Craig Finn (The Hold Steady, Lifter Puller and The Brokerdealer) is in the UK right now playing his first run of shows with the four-piece Uptown Controllers sharing the stage. 2019 saw him release the third part in his trilogy of solo releases I Need a New War which follows similar themes to Faith in the Future and We All Want the Same Things these releases have been critically acclaimed for the honest songwriting and narrative style. We headed to Exchange in Bristol to witness the live show in all its glory.
As Craig Finn joins his band The Uptown Controllers on the stage, he announces that this is the first show they have played outside of North America. What follows is one of tightest most accomplished live sets we have seen in a long time. The combination of great songwriting, accomplished musicianship and that special little something that makes a front person great, creates a flawless set that seems to absolutely fly by.
Within the first chorus, the room and the audience have been warmed up and before the end of the set opener, the singalongs have already started. Despite this being the first time Craig Finn has graced these shores with the Uptown Controllers he has spent the last couple of years releasing three connected albums which are far from the concept pieces they sound like. Instead, these releases saw Finn using different viewpoints to create rounded arguments on modern life. These arguments perfectly fit within a setlist which unlike most solo projects does not rely on past glories, there are no Hold Steady songs within this set which is a credit to the songwriting within CF’s body of solo work.
As the set takes in songs from various solo releases there are moments that require a moment of explanation and this is where this set goes from good to great. As detail is added there is a musical interlude and instead of the traditional stage patter, this backing adds a spoken-word feel to what can often be an obstacle that disrupts the flow of the set. If these words were not well considered this section would not work so this is a credit to the obvious planning and organisation of the whole band.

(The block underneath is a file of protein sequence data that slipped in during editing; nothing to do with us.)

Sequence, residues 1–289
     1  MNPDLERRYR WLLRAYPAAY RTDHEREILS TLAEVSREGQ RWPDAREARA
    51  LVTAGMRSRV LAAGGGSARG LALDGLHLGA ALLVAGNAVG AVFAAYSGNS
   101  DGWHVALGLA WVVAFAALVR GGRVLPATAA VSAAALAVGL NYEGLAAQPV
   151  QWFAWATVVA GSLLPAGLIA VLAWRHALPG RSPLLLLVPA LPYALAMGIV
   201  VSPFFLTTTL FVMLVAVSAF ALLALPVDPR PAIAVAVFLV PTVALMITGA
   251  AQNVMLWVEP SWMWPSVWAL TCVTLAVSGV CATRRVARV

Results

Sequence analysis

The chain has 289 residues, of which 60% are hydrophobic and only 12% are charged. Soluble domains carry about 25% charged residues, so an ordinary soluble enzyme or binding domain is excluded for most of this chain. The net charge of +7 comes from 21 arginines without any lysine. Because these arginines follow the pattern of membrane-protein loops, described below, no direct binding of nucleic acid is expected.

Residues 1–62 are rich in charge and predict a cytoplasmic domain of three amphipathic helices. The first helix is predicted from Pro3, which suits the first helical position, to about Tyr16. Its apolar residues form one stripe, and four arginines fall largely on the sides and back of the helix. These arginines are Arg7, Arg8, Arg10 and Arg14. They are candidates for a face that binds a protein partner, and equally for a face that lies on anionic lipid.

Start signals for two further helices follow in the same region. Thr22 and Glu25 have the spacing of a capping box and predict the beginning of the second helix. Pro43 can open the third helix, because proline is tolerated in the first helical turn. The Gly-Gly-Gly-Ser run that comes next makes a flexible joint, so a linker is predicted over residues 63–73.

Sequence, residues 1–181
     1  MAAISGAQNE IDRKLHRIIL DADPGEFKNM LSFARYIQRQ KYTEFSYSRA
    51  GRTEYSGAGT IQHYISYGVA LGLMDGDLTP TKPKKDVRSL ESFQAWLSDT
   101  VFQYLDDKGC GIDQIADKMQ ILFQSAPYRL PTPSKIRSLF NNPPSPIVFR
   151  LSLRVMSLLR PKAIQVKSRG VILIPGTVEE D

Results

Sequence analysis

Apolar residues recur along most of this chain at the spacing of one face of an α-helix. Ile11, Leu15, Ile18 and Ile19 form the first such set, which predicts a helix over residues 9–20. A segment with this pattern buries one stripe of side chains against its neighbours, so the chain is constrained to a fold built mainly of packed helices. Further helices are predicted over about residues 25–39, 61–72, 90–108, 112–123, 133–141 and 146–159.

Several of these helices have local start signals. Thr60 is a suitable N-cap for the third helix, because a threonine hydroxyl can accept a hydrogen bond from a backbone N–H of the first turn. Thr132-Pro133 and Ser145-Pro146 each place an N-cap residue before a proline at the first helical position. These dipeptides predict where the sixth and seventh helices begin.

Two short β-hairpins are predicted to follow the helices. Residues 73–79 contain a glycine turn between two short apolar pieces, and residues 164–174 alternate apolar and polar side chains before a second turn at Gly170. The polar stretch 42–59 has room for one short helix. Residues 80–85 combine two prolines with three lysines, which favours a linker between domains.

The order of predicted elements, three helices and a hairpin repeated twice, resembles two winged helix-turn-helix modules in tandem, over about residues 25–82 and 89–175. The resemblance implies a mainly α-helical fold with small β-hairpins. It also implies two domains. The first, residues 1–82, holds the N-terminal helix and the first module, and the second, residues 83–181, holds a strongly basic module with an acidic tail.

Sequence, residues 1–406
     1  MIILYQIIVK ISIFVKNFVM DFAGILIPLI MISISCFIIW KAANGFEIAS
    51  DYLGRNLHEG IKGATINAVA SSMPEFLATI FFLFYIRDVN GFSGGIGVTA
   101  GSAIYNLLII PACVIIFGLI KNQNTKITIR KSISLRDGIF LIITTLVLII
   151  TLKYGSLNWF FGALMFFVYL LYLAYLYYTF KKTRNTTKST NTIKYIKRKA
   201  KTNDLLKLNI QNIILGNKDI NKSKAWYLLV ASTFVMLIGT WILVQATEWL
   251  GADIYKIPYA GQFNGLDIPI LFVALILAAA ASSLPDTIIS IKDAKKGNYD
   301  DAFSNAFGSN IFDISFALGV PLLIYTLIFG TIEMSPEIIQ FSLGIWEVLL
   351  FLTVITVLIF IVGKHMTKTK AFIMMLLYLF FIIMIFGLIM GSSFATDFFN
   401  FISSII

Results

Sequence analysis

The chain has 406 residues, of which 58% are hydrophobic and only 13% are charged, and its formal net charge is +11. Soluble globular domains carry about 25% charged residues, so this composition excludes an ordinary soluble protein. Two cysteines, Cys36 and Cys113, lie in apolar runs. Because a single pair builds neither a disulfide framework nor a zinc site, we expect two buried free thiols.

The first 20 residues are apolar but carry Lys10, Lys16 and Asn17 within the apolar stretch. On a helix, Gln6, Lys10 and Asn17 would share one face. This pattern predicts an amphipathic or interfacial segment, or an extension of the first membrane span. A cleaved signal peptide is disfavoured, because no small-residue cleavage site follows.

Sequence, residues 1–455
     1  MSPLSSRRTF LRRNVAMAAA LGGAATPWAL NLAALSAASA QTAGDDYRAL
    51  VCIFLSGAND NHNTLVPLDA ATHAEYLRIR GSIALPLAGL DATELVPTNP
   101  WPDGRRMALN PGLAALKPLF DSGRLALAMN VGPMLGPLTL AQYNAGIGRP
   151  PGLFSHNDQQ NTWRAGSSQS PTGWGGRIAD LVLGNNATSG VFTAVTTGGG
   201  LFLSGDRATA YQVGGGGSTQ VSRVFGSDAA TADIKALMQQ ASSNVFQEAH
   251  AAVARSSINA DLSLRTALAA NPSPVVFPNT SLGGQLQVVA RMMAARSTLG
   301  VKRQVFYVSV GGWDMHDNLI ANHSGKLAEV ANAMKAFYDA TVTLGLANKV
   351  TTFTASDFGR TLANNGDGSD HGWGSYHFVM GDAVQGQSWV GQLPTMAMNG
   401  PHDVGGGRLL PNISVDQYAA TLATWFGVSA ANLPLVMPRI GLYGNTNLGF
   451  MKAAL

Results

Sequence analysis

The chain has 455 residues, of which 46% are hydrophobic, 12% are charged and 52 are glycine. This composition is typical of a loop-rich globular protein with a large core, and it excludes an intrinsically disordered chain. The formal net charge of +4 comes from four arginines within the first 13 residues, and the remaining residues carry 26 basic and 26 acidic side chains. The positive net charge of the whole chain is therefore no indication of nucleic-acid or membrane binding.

Within this perfectly balanced set, emotions are expertly delivered to give the slower moments more gravitas, often following on from upbeat numbers the emotional difference is obvious and powerful. There is a wonderful moment at the midway point where a tale of heartbreak and struggle hides between two numbers which borrow heavily from classic big bands. Within these influences which you’d assume make for a dated sound hides the real genius behind this songwriting, when combined with lyrics and contemporary influences these songs sound fresh and exciting. This surprising set of combinations perfectly accompanies sharp lyrics and a performance which combines theatre with a punk rock snarl effortlessly.
The ever-present saxophone and woodwind pushes the hazy musicianship full of distortion in a surprising and individual direction as post-punk, blue-collar rock and roll and country collide head-on. With every moment the set develops Craig Finn seems to become more confident and to draw the attention of the audience. His relaxed style is an almost polar opposite of the awkward steps that lead him into the opening song. His best moments of performance involve looking from the stage with the microphone stand held tightly in one hand as the other gesticulates wildly whilst raw lyrics are sung with emotive cracks. Saying this every moment he picks up the guitar adds another dimension to an already delightfully complex sound and just when it seems like this couldn’t get any broader Laura Stevenson comes out to add a whole new dimension. With harmonies that perfectly compliment Finn’s gnarled emotion this combination is solid gold.
With the obvious focus taken by the vocals it would be easy to assume the musicianship was that of a backing band, this could not be further from the truth with keys and distortion creating background warmth, basslines that roll throughout, drumming that subtly drives the entire performance, the ever uplifting saxophone and guitars that shred in all the right places there is a balance created which stuns with musical proficiency.
As the final song arrives the assumption that this would be an uplifting finale is shared throughout the room, the room is wrong instead high emotive drama is chosen. As the final notes ring out we are left with the isolated vocal of Craig Finn and the sad end to a story of lost love. Rather than leaving the room dejected, there is a noticeable pause as the final word echoes throughout the Exchange, once this sets in the audience’s applause is rapturous but for a moment everyone is simply blown away by what they have just seen.
Written By: Ben Adsett